“My Judaism encourages me to focus on a personal relationship with God, to know myself, and to know God; to use my skills and strengths in making the world a better place. I think it’s a universal mission and has nothing to do with gender. I think Judaism encourages us to think about what everybody’s sacred role is.”
The Sacred Calling: Four Decades of Women in the Rabbinate, newly published by CCAR Press, examines the ways in which the reality of women in the rabbinate has impacted upon all aspects of Jewish life. Upon the publication of The Sacred Calling, we sat down with (now Rabbi) Toba Schaller, approximately the 760th woman to be ordained by Hebrew Union College – Jewish Institute of Religion and 5th year rabbinical student at the time of the interview, to discuss the impact of women in the rabbinate upon a woman and mother about to embark on her own journey as a newly ordained clergy member.
Q. What made you decide that you wanted to be a rabbi? In other words, what was your sacred calling?
A. I grew up in rural Texas in a very small Jewish community. I went to Jewish summer camp and I studied Jewish studies and anthropology at the University of Texas at Austin. After a few years, I found myself in my twenties not knowing what I wanted to do and working as a cocktail waitress at a bar. I became friends with the daughter of the bar owner, who was eleven years old. She started asking me questions about Judaism. Her father asked me if I would pick her up from school one day a week and formally teach her Jewish values, Jewish culture, and basic Hebrew. I then found myself asking for Friday nights off of work so I could take her to synagogue and to family holiday events with me. At some point I said to her, “How did this happen? If you had asked me before, I would have said I was living a totally secular life.” And she said to me, “You talk about being Jewish all the time, and you love Judaism.” She told me that other waitresses in the bar talk about their boyfriends or what’s on TV, and that she heard me debating the value of faith in the world with customers at the bar. I think she really helped me realize that the Torah was in me, whether I recognized it or not, and that what I really love to do is talk, think, and do Torah. After the next few years of working in the Jewish community, I knew that I was ready to be a student instead of a teacher: I was ready for rabbinical school. I was twenty eight when I applied to rabbinical school.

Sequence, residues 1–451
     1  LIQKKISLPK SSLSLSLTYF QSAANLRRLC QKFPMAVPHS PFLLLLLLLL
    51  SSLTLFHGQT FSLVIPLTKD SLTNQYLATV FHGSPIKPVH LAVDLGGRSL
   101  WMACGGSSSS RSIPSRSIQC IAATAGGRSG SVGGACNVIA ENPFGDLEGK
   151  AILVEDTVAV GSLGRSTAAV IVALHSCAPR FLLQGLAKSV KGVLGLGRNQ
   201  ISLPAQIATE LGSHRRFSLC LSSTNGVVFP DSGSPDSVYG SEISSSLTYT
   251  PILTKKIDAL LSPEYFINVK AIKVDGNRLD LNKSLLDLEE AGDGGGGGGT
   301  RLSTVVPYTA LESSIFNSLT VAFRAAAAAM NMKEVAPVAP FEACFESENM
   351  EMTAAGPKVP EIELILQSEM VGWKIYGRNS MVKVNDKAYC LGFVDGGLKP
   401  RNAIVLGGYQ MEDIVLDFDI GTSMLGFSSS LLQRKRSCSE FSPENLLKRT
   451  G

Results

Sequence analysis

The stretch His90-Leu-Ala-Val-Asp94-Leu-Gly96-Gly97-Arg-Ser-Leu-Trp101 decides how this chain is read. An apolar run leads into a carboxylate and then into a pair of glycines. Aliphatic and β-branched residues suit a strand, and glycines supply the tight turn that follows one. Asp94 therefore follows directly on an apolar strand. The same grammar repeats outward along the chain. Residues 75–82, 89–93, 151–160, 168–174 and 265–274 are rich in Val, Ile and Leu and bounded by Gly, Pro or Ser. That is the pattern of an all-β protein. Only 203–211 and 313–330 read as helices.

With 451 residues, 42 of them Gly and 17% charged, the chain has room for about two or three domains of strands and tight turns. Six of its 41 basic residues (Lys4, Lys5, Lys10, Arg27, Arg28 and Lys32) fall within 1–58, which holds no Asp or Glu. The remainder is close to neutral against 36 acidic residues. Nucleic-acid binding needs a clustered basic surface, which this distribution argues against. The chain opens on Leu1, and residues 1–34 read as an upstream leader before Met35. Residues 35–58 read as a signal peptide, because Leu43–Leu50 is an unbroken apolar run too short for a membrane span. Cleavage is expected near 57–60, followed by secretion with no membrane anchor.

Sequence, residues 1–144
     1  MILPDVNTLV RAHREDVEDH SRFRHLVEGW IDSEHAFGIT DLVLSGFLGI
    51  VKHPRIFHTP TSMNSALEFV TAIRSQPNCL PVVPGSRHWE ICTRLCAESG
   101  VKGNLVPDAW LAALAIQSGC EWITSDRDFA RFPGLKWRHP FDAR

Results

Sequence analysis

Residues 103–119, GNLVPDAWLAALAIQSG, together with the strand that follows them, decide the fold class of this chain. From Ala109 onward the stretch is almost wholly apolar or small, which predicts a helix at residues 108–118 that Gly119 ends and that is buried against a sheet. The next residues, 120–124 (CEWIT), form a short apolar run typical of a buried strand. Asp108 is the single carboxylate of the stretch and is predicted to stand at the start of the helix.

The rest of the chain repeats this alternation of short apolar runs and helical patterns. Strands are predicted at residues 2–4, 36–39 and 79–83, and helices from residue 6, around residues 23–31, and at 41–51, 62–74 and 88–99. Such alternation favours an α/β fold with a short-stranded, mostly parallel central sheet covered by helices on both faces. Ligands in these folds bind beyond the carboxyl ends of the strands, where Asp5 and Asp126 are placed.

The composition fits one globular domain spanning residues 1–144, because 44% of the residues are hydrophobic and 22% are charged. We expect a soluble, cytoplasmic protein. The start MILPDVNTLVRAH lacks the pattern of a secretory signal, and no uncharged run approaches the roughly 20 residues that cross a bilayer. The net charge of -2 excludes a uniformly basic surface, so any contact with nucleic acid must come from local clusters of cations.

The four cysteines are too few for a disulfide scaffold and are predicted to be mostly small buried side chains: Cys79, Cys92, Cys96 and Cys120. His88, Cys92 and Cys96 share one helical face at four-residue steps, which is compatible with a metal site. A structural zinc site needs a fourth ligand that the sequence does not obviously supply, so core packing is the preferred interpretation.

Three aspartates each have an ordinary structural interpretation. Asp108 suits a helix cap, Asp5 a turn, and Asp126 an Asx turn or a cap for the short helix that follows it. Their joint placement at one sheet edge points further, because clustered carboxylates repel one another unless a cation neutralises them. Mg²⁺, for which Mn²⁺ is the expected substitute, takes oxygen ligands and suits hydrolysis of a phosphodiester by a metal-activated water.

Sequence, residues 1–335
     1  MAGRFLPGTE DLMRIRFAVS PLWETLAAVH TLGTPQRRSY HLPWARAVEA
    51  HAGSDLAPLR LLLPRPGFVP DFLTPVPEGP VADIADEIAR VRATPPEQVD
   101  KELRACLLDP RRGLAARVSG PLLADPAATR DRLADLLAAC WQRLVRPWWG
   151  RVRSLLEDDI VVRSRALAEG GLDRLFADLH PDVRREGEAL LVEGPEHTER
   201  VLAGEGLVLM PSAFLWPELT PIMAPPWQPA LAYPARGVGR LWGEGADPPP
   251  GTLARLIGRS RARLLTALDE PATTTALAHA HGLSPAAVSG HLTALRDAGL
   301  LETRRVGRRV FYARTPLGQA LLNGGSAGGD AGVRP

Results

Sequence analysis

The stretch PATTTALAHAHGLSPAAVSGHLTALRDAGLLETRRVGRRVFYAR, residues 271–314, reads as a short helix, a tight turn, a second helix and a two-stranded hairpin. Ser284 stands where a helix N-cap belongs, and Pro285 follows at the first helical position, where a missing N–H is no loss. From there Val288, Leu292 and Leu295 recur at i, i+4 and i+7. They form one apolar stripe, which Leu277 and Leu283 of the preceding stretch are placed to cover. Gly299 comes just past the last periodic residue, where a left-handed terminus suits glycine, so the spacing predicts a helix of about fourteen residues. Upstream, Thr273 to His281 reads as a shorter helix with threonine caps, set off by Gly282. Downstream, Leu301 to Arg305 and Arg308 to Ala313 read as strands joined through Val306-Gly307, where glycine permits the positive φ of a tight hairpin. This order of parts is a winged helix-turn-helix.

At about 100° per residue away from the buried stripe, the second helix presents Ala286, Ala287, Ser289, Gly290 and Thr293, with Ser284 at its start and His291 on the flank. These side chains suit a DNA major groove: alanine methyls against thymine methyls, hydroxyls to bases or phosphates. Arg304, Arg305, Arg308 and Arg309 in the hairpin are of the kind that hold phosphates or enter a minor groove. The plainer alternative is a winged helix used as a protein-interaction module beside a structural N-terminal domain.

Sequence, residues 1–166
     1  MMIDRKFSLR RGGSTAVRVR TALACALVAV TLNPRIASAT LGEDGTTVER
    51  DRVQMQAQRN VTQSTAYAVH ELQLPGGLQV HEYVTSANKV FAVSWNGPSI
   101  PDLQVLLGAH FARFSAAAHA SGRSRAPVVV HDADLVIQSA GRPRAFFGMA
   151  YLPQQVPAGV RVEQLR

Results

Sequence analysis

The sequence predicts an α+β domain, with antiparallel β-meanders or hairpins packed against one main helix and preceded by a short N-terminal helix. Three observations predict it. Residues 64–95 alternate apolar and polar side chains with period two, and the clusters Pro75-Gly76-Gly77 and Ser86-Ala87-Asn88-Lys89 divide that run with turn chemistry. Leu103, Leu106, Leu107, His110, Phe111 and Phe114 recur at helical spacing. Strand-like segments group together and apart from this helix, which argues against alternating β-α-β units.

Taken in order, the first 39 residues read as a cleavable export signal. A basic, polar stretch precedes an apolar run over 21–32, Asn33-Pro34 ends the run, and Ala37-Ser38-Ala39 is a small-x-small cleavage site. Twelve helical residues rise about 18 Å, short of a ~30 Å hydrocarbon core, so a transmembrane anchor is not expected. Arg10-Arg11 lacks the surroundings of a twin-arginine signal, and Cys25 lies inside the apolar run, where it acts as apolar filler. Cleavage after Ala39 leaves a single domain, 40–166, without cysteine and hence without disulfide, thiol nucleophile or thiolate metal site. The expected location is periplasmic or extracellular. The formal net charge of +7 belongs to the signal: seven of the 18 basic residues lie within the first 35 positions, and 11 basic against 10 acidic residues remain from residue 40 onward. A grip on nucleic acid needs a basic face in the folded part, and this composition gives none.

Q. What interested you most in The Sacred Calling and why?
A. Something I appreciated in the history of women in the rabbinate was the lesson about the importance of mentorship in successfully bringing people in from the margins, as well as the importance of membership to the overall success of new clergy members. I feel really lucky that I have had such wonderful mentors at HUC-JIR, and now through the CCAR, as we head into the field.
After reading The Sacred Calling, I feel really lucky to have been given different models for what a rabbinic career can look like. The book has allowed me to see myself as a mother and a woman and a rabbi much more easily.